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City of Glass by Cassandra Clare


What do you do when you’ve been thrust into an entirely new world?

A world very different than the one you grew up in with its own rules and laws you find yourself struggling to understand?

And all the while everyone around you is too busy dealing with your psychopath father, come back from the grave and the war he’s trying to ignite.

City of Glass by Cassandra Claire is a young adult fantasy romance adventure about a young girl, Clary Fairchild, and her interdiction to the Glass City. The Shadowhunter capital of Idris where Downworlders aren’t allowed.

As the book begins Clary is planning on going to the Glass city with the Lightwoods to find a Warlock name Ragnor Fell, who she’s been told holds the key to waking her mother.

Unfortunately, due to an attack and meddling by her brother, Jace, the Lightwoods end up leaving without her.

But, thanks to Clary’s unique abilities she is able to create a portal of her own and sends both her and her mother’s friend Luck to Idris.

During her time in the Idris Clary and Jace uncover more secrets and lies.

And have to face off against their father once and for all.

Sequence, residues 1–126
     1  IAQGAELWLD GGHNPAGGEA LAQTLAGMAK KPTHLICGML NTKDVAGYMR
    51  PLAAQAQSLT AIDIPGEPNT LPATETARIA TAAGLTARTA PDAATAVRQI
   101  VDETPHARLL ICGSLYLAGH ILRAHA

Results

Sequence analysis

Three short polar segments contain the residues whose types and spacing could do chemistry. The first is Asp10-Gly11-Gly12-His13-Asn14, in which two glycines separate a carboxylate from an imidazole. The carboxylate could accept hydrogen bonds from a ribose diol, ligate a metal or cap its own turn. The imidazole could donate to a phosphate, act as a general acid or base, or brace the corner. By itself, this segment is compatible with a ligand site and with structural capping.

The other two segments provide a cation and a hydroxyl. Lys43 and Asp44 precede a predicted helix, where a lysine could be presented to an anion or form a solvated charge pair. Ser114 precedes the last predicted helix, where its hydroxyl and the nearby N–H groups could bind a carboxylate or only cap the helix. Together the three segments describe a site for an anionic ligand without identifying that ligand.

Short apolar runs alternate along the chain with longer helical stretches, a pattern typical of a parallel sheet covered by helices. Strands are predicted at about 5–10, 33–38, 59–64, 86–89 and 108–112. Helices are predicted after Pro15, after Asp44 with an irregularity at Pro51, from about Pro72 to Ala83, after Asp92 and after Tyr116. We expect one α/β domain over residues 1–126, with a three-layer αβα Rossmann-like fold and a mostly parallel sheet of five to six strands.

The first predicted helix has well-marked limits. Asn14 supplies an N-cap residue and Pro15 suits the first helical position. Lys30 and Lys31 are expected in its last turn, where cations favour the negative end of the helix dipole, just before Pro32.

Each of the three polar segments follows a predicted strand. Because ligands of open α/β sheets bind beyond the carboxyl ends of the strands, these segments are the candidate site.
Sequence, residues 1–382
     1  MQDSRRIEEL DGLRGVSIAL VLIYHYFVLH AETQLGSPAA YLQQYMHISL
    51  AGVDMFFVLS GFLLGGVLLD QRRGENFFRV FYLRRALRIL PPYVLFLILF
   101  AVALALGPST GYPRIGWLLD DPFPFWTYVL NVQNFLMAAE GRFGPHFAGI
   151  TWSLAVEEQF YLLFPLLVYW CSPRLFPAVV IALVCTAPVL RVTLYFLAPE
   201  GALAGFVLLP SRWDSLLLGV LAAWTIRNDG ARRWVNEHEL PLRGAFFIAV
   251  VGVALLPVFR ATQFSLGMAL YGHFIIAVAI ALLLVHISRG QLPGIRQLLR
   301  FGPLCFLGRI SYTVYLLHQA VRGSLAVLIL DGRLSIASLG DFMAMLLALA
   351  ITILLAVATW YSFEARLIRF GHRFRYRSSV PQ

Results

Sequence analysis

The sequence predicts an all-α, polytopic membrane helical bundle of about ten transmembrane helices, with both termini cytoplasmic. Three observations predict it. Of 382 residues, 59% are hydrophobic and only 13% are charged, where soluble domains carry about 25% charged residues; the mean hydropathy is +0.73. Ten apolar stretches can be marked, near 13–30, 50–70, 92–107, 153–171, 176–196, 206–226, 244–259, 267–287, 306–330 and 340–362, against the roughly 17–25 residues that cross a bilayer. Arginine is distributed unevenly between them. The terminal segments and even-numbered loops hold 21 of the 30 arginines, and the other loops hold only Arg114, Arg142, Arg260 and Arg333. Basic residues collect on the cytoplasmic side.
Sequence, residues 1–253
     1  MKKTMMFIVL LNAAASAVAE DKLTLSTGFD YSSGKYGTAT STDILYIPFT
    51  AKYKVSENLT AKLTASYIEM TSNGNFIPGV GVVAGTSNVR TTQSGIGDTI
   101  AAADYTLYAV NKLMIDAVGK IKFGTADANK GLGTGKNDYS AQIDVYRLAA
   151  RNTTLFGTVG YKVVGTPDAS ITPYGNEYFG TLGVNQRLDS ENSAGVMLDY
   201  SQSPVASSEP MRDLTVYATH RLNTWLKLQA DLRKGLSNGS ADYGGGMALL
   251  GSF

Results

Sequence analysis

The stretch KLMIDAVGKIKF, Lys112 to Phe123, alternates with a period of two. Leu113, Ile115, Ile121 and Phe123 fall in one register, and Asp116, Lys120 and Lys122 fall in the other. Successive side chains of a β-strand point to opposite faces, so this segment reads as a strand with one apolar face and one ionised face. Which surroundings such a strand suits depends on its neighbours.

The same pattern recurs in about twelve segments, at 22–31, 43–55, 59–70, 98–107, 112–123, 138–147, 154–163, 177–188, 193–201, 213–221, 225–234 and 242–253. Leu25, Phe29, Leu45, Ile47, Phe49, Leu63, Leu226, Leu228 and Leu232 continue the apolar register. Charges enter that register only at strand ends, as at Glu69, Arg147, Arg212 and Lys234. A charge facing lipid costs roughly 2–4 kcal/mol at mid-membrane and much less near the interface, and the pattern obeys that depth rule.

Many people have committed on the incestuous aspects of the book.

I have to admit I watched the show before reading the series, so I’ll never know whether or not Jace and Clary’s interactions would actually bother me, though I don’t think they would.

However, most of Clary and ‘Sebastian’/Jonathan’s interactions did.

But that’s more so because of the lies and manipulation. He knew he was Clary’s brother yet he completely objectified her.

Not to say I’m complaining or would want this changed. I thought it was very well executed to work exactly as it was meant to. To show just how irredeemable and discussing Jonathan is.

No, the only real criticisms I have for this book are about the lack of Alec’s point of view and Raphael’s demands.

How he wanted to kill Simon just because he’s a Daylighter, and thought both Simon and Clary’s abilities were unnatural and shouldn’t be allowed.

And it’s not the fact he thinks this way that I have a problem with. It’s the fact it was never openly addressed that he sounds no different than the racist Shadowhunters.

Also, I don’t know if Clare had yet to decided on Raphael’s personality when she wrote the first book because the Raphael in later books doesn’t really fit the Raphael you meet in book one. Raphael in book one seemed more playful and sarcastic whereas later he just seemed like a dark brooding asshole.

Anyway, beyond the incestuous pining, the dumb irrational decisions of the characters, and a few characters being slightly off from their original interdiction the book is very well written and builds up to a rather satisfying ending.

Though, not quite as satisfying as the last book’s. Mainly because the war this story is gearing up for takes place mostly ‘off camera’ so to speak.



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